The difference with Solo is that the stakes work within its own story, but not within the existing universe. But is that really a problem? Isn’t that what we ask of just about any movie? With that take, I stand by statement that Solo succeeds, not in spite of, but because of its simplicity. The story is pretty straightforward and in keeping with the characters. Han is a criminal, a thief, a smuggler. Why wouldn’t you make a movie with him involved in a couple of heists? The jobs themselves, while not terribly elaborate, make for good set pieces, and allow Han to work his way closer into the fraternity of ne’er-do-wells. And again, as we’ve seen before with a certain princess, he’s completely caught up with a young woman, Q’ira (Emilia Clarke), which provides his motivation throughout the film. It’s nothing we haven’t seen a million times, but as with most movies, it’s more about the how than the what, and in this case, the journey is believable, enjoyable, and satisfactory.

Sure, that’s not a glowing review. 'Competent' is hardly the stuff of legends. But I’ve watched a lot of movies that were fun, but completely incompetent. I’ll take a story that makes sense within its own internal logic, and provides some thrills and excitement along the way, over mere spectacle - any day.

Contributing to this are some endearing performances from our troupe. Whatever acting concerns were levied at Ehrenreich, in the end, he does a perfectly serviceable job. He’s got the look (if not the height—it bothers me to no end that he’s several inches shy of Ford), and there are moments where you really see the Han we know. As it goes with origin stories, the hero must fundamentally change over the course of the film. I’m not sure that’s the case here though. Han begins a low-level ruffian who embarks on a new life. He ends the film as a mid-level ruffian with some connections and resources who embarks on a new life. Sure he’s a bit older, a slight bit wiser, and has some experience now along with a new best-bud and a new ship. But, he’s essentially the Han he started as. Is that a fault of the script, Alden’s performance, or both? I’m not sure exactly. But in the end, Ehrenreich does have just enough charm to carry the character, and the film - even with being arguably the weakest actor of the bunch.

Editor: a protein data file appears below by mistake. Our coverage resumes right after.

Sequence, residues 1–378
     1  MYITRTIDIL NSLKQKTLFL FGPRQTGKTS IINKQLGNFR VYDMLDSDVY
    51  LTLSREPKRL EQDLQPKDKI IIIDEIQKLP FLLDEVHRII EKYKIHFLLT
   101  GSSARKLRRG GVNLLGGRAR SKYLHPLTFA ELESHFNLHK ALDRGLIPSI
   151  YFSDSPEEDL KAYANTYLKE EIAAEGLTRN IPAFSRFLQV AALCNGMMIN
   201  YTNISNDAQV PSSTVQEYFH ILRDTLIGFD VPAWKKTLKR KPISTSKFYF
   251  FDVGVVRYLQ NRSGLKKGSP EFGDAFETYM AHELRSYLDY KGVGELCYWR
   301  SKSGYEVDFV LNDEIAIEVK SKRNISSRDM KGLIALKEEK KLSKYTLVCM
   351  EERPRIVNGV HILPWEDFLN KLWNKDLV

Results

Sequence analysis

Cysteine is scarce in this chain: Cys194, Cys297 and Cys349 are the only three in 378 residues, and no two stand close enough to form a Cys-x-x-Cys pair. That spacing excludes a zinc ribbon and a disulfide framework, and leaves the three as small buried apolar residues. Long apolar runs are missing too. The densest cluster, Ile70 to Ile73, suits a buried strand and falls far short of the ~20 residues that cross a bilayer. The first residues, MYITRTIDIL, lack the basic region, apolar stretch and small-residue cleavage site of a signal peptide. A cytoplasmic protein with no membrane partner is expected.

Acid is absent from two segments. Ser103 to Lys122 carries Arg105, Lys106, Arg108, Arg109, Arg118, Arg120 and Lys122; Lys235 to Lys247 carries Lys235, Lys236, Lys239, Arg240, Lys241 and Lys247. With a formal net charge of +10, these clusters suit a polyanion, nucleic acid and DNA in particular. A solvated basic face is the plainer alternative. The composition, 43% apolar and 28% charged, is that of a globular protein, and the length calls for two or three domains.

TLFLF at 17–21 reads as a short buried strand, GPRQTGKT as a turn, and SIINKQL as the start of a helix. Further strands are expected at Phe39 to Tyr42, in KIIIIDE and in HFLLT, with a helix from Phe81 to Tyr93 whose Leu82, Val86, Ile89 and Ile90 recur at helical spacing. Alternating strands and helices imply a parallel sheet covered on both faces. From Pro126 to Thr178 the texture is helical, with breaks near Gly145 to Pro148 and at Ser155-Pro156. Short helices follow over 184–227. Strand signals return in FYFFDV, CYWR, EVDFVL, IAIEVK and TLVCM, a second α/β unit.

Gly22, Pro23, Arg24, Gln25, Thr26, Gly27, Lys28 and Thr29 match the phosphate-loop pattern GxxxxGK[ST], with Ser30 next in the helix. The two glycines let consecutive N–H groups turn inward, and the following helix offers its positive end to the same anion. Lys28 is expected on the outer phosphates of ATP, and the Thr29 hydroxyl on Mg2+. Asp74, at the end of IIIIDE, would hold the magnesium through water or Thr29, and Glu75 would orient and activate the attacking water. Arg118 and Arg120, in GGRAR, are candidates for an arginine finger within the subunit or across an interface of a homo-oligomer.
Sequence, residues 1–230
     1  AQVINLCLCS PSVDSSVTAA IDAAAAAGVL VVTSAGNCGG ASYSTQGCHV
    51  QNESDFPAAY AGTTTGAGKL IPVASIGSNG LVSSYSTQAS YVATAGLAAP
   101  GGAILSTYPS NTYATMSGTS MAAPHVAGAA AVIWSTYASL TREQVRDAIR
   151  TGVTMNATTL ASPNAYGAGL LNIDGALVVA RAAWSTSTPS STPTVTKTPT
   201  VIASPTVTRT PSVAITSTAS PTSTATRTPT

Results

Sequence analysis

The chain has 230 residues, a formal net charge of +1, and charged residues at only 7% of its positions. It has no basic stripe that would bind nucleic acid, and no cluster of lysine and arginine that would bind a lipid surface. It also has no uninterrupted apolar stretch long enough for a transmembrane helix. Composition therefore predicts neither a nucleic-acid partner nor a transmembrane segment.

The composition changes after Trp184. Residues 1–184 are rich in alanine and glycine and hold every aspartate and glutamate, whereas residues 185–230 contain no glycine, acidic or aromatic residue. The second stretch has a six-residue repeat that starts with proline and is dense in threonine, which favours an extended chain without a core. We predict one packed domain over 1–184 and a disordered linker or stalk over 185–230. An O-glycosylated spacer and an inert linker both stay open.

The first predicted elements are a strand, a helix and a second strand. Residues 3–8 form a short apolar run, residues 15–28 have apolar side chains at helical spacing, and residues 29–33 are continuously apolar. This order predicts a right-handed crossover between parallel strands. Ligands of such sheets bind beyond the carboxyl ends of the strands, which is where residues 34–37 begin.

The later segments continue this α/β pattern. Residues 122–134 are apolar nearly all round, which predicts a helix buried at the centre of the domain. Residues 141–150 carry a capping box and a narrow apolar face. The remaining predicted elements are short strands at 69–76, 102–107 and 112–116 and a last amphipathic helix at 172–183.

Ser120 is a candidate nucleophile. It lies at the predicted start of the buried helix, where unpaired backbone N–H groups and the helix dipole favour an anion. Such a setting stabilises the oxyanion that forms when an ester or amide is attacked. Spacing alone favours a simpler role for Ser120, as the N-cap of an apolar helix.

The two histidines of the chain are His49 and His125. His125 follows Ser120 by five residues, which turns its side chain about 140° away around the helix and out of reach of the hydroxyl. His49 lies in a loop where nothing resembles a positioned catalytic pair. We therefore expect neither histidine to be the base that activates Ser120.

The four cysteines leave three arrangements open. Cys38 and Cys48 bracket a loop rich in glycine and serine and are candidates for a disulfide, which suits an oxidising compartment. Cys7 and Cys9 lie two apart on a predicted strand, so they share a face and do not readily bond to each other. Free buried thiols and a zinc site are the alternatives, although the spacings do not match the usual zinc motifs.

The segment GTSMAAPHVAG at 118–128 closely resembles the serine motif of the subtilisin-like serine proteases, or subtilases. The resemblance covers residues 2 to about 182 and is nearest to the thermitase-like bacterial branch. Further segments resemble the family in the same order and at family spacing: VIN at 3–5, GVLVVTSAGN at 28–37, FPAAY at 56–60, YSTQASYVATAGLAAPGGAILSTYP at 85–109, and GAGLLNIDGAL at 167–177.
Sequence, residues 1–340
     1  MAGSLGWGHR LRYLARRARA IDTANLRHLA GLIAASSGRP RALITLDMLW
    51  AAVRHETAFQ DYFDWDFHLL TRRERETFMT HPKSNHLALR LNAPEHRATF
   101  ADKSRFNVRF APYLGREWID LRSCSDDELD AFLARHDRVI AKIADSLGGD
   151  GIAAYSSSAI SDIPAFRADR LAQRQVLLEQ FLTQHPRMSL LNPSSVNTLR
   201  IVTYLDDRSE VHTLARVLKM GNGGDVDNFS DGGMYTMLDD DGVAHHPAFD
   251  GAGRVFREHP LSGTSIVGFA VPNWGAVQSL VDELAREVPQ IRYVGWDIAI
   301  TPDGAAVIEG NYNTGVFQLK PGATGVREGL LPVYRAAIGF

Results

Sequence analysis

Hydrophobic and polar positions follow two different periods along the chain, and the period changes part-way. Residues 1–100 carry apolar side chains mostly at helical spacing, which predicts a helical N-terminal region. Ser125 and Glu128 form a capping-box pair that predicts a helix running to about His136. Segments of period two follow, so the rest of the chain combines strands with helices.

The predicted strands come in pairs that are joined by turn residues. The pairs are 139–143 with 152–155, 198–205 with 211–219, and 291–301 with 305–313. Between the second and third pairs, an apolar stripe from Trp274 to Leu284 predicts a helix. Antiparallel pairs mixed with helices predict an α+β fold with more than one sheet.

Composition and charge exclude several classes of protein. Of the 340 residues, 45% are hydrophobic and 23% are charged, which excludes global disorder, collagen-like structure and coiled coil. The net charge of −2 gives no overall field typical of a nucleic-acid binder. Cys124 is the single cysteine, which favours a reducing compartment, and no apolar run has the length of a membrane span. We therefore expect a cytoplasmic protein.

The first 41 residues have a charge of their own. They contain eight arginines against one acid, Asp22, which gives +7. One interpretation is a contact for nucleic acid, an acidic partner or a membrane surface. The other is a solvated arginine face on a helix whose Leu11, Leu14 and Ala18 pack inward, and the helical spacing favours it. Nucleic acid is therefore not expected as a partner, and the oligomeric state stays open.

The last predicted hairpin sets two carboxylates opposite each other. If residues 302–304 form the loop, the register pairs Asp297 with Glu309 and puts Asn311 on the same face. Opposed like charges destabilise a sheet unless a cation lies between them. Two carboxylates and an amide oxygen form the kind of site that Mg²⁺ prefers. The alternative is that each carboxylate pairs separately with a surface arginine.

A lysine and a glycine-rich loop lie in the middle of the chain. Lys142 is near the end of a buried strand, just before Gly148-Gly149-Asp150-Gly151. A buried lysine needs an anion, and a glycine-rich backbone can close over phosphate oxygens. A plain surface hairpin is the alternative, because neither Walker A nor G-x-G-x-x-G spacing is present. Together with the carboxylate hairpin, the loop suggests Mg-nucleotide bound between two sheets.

Emilia Clarke tends to carry Alden in their scenes, which only elevates them both. She imbues Qi’ra with a beautiful tragedy, having to walk the line between what her heart wants and what she must do to survive in this unforgiving universe.

She may actually have the biggest arc in the film, moving from street rat to major player in the underworld by making a life-altering choice at the end. Woody Harrelson shines as the infamous mentor Beckett, who shepherds young Solo through the underworld, teaching him the good, the bad, and the ugly side of this way of life by example. Thandie Newton and Paul Bettany pop in to make the most of their screentime, injecting much-needed gravitas into the film.